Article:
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Lecture

PHL lecture, jan. 19.doc

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Department
Philosophy
Course Code
PHL100Y1
Professor
Peter King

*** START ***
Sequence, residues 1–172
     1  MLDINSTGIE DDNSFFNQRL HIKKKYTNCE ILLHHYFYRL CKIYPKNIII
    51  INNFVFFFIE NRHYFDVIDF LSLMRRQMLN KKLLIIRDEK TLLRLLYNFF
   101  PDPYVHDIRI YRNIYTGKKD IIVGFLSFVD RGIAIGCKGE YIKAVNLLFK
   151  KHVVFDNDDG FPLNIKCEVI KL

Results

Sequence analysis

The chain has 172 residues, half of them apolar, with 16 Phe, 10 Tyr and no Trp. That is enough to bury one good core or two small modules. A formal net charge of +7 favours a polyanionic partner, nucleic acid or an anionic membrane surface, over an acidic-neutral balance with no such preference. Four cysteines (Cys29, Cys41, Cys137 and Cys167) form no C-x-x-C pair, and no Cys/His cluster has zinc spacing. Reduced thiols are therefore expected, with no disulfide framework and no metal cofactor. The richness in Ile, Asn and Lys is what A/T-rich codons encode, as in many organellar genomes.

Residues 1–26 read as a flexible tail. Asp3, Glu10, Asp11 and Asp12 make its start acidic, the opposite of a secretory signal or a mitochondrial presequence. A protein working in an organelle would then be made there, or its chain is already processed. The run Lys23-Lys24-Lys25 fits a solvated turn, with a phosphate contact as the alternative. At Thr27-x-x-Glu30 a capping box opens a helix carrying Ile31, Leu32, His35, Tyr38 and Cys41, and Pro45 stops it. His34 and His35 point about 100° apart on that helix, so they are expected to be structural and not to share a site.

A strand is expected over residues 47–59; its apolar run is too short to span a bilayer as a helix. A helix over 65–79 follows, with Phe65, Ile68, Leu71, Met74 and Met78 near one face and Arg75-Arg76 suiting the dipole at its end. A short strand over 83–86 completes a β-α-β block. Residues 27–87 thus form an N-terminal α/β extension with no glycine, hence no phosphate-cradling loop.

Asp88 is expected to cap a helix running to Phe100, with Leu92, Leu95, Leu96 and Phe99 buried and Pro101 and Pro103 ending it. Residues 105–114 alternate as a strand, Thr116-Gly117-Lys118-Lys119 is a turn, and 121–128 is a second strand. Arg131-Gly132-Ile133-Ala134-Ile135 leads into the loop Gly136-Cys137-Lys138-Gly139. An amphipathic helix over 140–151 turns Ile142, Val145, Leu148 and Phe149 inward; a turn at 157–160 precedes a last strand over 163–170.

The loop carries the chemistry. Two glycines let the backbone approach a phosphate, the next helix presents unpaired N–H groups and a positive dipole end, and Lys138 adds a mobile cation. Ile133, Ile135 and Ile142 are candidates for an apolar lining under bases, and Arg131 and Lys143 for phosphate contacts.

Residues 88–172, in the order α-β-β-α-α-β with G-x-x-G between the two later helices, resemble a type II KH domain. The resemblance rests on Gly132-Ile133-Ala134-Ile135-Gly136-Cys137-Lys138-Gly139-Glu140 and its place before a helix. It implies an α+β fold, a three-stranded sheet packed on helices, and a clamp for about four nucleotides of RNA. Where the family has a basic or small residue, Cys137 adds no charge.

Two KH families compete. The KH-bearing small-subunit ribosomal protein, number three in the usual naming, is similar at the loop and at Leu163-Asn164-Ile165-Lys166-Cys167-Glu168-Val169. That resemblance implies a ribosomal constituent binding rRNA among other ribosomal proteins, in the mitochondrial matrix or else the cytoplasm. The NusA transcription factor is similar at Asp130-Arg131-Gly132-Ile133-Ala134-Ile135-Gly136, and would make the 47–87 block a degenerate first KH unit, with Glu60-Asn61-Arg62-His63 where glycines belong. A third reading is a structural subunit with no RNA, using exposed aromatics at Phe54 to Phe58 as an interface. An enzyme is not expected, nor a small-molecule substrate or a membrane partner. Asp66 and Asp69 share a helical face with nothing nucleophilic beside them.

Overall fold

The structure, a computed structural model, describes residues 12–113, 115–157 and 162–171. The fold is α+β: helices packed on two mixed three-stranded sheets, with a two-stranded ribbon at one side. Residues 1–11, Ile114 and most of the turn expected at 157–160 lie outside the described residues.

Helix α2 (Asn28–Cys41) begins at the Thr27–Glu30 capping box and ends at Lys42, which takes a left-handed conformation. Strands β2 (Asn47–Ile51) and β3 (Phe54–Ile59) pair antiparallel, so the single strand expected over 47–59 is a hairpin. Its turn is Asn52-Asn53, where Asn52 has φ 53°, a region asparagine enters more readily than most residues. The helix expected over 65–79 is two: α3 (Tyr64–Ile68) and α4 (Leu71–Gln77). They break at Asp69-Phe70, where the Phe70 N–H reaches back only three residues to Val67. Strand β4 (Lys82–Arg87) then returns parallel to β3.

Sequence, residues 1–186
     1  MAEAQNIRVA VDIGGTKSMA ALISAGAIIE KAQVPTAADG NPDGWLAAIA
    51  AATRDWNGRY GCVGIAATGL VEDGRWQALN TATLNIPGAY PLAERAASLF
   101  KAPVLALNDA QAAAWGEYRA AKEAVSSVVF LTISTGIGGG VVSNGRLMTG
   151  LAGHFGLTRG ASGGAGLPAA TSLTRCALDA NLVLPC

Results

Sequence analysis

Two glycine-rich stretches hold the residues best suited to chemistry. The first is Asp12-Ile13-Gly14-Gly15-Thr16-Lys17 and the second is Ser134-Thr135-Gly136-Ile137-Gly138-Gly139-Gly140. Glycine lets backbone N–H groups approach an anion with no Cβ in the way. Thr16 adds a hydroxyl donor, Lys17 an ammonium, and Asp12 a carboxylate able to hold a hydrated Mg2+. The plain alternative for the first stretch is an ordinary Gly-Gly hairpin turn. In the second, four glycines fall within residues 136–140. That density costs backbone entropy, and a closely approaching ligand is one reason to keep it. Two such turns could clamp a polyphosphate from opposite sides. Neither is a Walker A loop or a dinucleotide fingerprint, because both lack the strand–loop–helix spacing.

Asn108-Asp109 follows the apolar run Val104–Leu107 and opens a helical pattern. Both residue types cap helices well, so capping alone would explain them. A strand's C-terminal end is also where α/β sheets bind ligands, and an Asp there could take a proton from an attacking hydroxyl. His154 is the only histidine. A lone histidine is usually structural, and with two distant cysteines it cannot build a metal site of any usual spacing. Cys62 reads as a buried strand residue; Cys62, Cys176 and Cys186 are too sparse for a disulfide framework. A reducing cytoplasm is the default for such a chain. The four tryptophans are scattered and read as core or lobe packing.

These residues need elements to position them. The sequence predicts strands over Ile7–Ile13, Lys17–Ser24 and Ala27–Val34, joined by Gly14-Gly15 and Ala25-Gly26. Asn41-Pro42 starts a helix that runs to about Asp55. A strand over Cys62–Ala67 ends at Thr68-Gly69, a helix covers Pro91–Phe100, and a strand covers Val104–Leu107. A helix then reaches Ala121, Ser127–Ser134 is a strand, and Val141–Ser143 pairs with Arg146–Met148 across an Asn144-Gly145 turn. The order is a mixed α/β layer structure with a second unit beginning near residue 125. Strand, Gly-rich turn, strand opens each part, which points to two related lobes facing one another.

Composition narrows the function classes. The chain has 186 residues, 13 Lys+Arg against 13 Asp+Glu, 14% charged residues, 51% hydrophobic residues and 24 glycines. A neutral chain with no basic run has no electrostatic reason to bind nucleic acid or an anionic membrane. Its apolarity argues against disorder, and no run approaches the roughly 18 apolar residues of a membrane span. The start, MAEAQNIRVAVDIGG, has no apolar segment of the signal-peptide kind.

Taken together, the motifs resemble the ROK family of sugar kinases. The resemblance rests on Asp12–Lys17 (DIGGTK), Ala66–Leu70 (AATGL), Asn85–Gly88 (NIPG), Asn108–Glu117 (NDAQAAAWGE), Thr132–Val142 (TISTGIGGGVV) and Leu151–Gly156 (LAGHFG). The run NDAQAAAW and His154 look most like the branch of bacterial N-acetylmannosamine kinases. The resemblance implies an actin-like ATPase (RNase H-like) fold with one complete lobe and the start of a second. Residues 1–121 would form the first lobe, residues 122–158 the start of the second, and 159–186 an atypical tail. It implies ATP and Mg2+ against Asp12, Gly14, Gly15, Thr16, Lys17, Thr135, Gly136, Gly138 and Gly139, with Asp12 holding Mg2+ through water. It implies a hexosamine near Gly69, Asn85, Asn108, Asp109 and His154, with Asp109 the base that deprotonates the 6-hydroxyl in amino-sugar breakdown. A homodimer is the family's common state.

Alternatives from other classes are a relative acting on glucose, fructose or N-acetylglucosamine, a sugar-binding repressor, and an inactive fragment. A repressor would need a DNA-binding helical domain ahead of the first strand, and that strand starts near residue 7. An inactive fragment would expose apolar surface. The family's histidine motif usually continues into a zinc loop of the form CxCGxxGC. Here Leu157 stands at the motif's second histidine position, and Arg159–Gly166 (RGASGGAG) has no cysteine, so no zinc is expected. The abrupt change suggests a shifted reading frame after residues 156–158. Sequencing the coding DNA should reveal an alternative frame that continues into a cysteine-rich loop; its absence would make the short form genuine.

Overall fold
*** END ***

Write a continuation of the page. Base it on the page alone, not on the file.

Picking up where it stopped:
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Hobbes on Sovereignty • Recall Hobbes’s account of sovereign power as the possession of the transferred right of each individual to use force, as authorized by the multitude o This fits well with the contemporary account of a state as an institutional body claiming a monopoly on the use of force • Analytical Requirements on Sovereignty o According to Hobbes, this notion of sovereignty has several essential features  It is undivided that is possessed by a single actor, or there will be no authority  It is absolute extending to any and all things, just as each of the transferred rights do  It is perpetual, to guarantee stability o It’s important to note that these are features of any government that claims to be sovereign  A perfectly good example of a Hobbesian state could well be a government consisting in a unicameral legislature with strict majority rule, with subordinate executive and judicial functions, whose members are selected by lottery (or are elected once every three years, or are appointed for life, or…) • Hobbes himself argues that on grounds of efficiency it is preferable to have a monarch o Hence the result of government by consent is an absolute monarch • It’s important for Hobbes that when a right is transferred, the prior owner of the right loses it entirely, much the same way when I give my piano to the orphanage it becomes (fully) theirs and no longer mine at all o He means it: we literally lose the powers that constitute the rights once it is transferred • Consequences of Sovereignty o Hobbes deduces further results from his account of sovereignty:  The form of government, once established, cannot be changed  The sovereign power is not forfeited by any action  The actions of the sovereign power cannot be challenged, or even questioned  The sovereign power is unpunishable and above the law o Hobbes’s reasoning for the first claim is that the nature of the government is established by the initial social contract, in which each (soon-to-be) citizen ‘covenants’ with each, and in the process of so doing they each give up (transfer) their rights that would allow them to change or emend the government  This does not preclude the government from changing its own form, of course; it merely means that there is no ‘popular’ right to change it • Hence no right to rebel  Second, Hobbes argues that nothing can count as side-constraint on the actions of the sovereign power, since the sovereign power, since the sovereign as such does not enter into the social contract, and hence is not bound as the citizens are • A claim that makes sense in terms of the social contract, which is not mutual but one directional  Third, Hobbes argues that any action of the sovereign power is by definition the action of each of its subjects; any complaint against the ac
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